Saying, I am Alpha and Omega, the first and the last: and, What thou seest, write in a book, and send it unto the seven churches which are in Asia; unto Ephesus, and unto Smyrna, and unto Pergamos, and unto Thyatira, and unto Sardis, and unto Philadelphia, and unto Laodicea.
Saying, I am Alpha and Omega, the first and the last:
The first word of this phrase (“Saying”) indicates that this verse is a continuation of the previous. In other words, this is literally what “the trumpet” is saying to John. It was, however, obviously the voice that addressed these words to John, though they seemed to come through a trumpet‒and therefore the trumpet is represented as uttering them in sweet, yet authoritative, heavenly tones.
In light of verses 17 and 18, it is clear that, in this instance, the title applies specifically to Jesus Christ and not to the Father as earlier (see on Revelation 1:8). Such a title applies to both the Father and Son (see on Revelation 1:4).
and, what thou seest, write in a book,
The voice, in addition to the declaration, “I am Alpha and Omega,” then directs the Apostle that he should record what he saw. The phrase, “what thou seest,” refers to what would pass before him in vision‒that is, what he would see in the extraordinary manifestations which were to be made to him. Friend…here again, by irrefutable implication, is evidence that the details of the book of Revelation were all meant to be carefully captured by the pen of John for the special benefit of God’s people. If not every symbol, representation, phrase, and scene had significant value to the Church, then the divine command to record them would have seemed unnecessary‒and not that John wouldn’t have done so anyway, but that he would be made to know, from the mouth of Jesus himself, such was, according to the divine will, of indispensable importance. Such a directive would certainly heighten his awareness to what he was about to see, as well as to what it might mean.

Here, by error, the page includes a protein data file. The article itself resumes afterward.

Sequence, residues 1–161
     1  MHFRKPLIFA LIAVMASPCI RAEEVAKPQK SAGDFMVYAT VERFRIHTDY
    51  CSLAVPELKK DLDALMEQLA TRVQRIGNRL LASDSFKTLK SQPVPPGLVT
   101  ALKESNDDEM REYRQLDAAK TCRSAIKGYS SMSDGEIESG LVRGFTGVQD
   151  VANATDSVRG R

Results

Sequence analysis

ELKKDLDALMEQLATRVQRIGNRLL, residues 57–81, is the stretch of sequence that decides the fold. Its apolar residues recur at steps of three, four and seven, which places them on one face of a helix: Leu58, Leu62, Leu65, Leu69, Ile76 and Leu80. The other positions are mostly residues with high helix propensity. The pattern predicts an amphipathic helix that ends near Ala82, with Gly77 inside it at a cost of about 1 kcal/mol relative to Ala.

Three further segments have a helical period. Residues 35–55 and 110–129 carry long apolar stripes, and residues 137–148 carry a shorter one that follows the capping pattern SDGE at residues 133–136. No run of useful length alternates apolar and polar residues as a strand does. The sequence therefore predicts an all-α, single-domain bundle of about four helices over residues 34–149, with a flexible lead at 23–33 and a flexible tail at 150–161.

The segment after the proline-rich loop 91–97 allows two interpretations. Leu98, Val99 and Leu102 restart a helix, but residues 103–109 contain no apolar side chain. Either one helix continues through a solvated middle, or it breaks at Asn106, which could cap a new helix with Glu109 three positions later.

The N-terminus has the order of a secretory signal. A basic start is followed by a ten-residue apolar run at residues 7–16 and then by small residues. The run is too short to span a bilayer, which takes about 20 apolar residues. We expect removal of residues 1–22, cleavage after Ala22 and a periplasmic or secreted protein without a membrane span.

and send it unto the seven churches which are in Asia; unto Ephesus, and unto Smyrna, and unto Pergamos, and unto Thyatira, and unto Sardis, and unto Philadelphia, and unto Laodicea.
John is commanded by Jesus to write what he sees in a “scroll” (Gr.) (Jeremiah 36:2; Ezekiel 2:9; see on Revelation 22:10, 16) and send it to seven specific churches in Asia. Because the number seven, in Scripture, indicates totality, completeness, and perfection (other similar words would suffice, such as “sanctification”), we can safely conclude that the churches herein described represent the whole of the matter with God’s people of all time, as well as the perfect working of divine providence in addressing their welfare and purpose in the world (see on verse 4).
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